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For decades, the medical community has been in an all out war against fat. Sadly, this war against fat is exactly what has led to the obesity epidemic in the US today.
Thankfully, this ‘truth’ is finally being turned on its head and people are slowly coming round to the idea that fat doesn’t make you fat, it’s sugar.
In fact, most fats are actually very good for you, and cutting them out can lead to potentially dangerous health problems in the long-run.
Even in the short-term, you’ll find that you feel very different when you shift your body to burning fat. Fat doesn’t give you the energy spikes and crashes that carbs do. Instead, it provides you with a more stable source of energy and is full of nutrients. Best of all, it helps you feel full longer.
Of course, as with everything, there are both ‘good’ fats and ‘bad’ fats. To help you know which ones to load up on and which ones to avoid, read on here.
All fats contain a mixture, but you want the ones that are dominant in these: saturated fats, monounsaturated fats (MUFAs), polyunsaturated fats (PUFAs), and naturally occurring trans fats.
Saturated Fats are easily the most misunderstood fats today. Humans have been eating saturated fats from butter, cheese, and meat for thousands of years, without the rates of heart disease we see today.
So why does saturated fat get such a bad rap?
The difference is that in the modern American diet, these foods are commonly found in fan favorites like pizza, ice cream, and more. Though saturated fat is in all of those fattening dishes, it’s not the real cause of the issue. The real culprit is the processed carbohydrates that have also joined the party.
The truth is, saturated fats are actually very good for boosting good types of cholesterol and preventing the bad cholesterol from rising. They also help maintain your bone density and immune system and support your cortisol and testosterone levels.
Some good sources of saturated fat are in butter, red meat, cream, lard, coconut oil, eggs, palm oil and cocoa butter.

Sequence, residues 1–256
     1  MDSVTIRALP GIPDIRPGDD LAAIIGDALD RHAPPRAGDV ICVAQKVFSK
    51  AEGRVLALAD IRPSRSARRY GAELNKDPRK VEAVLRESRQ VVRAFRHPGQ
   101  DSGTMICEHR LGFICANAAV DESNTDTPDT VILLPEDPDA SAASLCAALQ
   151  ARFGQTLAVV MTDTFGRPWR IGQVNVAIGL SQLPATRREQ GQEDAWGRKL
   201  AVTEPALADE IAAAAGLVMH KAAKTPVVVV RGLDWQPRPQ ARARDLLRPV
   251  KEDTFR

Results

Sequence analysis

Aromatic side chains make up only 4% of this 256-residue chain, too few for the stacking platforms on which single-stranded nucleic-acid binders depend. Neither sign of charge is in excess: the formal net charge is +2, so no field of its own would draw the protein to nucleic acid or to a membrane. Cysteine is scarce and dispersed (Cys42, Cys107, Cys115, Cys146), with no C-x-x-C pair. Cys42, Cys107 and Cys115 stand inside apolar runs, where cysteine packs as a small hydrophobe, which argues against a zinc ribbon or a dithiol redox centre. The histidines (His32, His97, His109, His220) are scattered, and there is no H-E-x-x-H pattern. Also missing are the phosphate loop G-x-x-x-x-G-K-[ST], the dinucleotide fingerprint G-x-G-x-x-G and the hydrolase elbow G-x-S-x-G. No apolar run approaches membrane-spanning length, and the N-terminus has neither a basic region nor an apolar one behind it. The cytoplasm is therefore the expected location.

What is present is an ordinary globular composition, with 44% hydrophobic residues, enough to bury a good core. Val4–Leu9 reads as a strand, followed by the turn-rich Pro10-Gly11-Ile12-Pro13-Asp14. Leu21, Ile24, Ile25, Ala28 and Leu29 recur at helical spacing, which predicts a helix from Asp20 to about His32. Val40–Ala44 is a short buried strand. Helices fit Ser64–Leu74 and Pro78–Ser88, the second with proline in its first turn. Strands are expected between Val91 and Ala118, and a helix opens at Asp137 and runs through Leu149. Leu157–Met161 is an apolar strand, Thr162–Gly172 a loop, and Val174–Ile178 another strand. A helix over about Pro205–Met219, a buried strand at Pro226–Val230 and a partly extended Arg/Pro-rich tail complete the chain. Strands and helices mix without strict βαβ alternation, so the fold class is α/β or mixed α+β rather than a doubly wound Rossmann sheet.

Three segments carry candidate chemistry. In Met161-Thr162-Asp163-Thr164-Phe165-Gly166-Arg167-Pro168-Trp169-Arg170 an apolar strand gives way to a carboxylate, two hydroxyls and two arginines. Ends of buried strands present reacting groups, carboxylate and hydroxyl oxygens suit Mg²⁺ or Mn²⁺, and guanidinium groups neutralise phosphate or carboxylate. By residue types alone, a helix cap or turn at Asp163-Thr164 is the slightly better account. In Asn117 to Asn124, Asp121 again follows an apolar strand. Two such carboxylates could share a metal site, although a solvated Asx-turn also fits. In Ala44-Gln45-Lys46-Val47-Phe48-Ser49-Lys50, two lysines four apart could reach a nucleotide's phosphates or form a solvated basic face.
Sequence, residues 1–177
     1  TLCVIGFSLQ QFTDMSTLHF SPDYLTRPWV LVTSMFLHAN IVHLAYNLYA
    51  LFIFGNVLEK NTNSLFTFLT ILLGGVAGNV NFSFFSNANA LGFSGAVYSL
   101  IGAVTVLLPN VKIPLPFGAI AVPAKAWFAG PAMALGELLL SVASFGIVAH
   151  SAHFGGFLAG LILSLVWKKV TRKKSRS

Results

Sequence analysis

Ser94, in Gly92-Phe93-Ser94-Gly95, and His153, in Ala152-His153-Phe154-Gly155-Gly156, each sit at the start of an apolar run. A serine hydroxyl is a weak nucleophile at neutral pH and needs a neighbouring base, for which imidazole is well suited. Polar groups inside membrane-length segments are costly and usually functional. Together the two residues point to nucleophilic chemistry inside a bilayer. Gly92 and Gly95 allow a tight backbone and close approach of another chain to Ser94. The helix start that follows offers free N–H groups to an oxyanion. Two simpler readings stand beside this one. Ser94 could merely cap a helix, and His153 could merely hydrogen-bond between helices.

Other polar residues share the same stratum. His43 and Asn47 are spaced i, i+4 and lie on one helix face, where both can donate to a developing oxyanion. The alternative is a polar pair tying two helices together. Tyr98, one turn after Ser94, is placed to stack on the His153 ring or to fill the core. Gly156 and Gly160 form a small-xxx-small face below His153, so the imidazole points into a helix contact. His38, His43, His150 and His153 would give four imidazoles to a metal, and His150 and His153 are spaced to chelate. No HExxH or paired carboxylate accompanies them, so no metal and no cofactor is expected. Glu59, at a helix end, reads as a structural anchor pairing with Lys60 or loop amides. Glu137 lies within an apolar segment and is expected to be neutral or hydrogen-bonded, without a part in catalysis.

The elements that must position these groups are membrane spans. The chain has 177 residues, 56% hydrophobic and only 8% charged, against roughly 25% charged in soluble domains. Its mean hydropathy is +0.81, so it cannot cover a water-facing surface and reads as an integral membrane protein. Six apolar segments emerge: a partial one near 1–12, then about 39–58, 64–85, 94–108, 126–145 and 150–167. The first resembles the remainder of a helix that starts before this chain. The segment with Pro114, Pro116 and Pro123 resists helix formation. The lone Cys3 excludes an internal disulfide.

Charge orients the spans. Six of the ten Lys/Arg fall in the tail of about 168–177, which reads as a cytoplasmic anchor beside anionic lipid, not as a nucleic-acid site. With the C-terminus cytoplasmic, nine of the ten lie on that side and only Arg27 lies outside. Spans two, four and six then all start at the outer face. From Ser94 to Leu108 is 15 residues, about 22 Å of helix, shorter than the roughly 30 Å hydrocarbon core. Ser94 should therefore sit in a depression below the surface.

While saturated fat was being villainized by the medical industry, MUFAs have been recommended as the ‘common-sense good fats’ all along. Though even then, it’s typically suggested to keep consumption to a minimum.
Like saturated fats, MUFAs increase the ‘good’ cholesterol and contribute to lowering blood pressure. This helps to reduce the likelihood of heart disease.
They’re also shown to reduce belly fat and reduce the insulin resistance that comes from eating primarily processed carbohydrates.
MUFAs can be found in foods such as extra virgin olive oil, avocados and avocado oil, macadamia nut oil, goose fat, lard and bacon fat.
This type of fat is a bit more controversial because it can come in many forms and should be eaten a certain way. PUFAs contain both omega-3 and omega-6. While both are necessary for good health, too much omega-6 can be damaging.
When these fats are heated they give off what are called ‘free radicals.’ These can seriously damage your cells over time and become more dangerous with age. It contributes to what’s known as ‘oxidative stress.’
PUFAs when eaten cold can help reduce the likelihood of stroke, heart disease, and inflammation. They’re found in extra virgin olive oil, flaxseed oil, walnuts, fish oil, sesame oil, chia seeds, nut oils and avocado oil.
Of all the fats, for years trans fats have been considered public enemy number one by the medical industry. While it may be true that a lot of trans fats are indeed bad for you, there’s a subgroup called vaccenic acid, which is actually good for you.
Like the other fats, it can reduce heart disease, obesity, diabetes and cancer. It’s found in animal products that are grass fed (as opposed to corn or feed) and dairy fats like butter and yogurt.
Some kinds of fats do justify the public war on them.
Processed trans fats are the archenemy of the good trans fats. These are what you get when you process the PUFAs, which is why it’s so important to eat those cold and untouched.
Processed trans fats increase the risk of cancer, heart disease, the ‘bad’ cholesterol, and they’re inflammatory and bad for your gut.
They’re found in hydrogenated oil, which is contained in cookies, margarine, fast food, crackers, and processed vegetable oils like cottonseed, sunflower, safflower, soybean and canola oils.
Being in a state of ketosis is great for both your health and waistline. By switching out glucose for fat, you can reduce inflammation and lose weight.
Having a high-fat diet is the key to this, but we can’t just eat anything that is low-carb. By arming yourself with knowledge about which fats are good or bad and why, you can gain all the health benefits without any of the drawbacks.
Are you on a ketogenic diet? Have you been more selective in which fats you’ve tried? Let us know below.
This information is intended to help readers be more informed about their health options when speaking with a professional, but it should not be used alone to diagnose, treat, prevent or cure any disease or condition. Be sure to speak to a qualified doctor before taking any action to make sure that your choices reflect your actual health situation.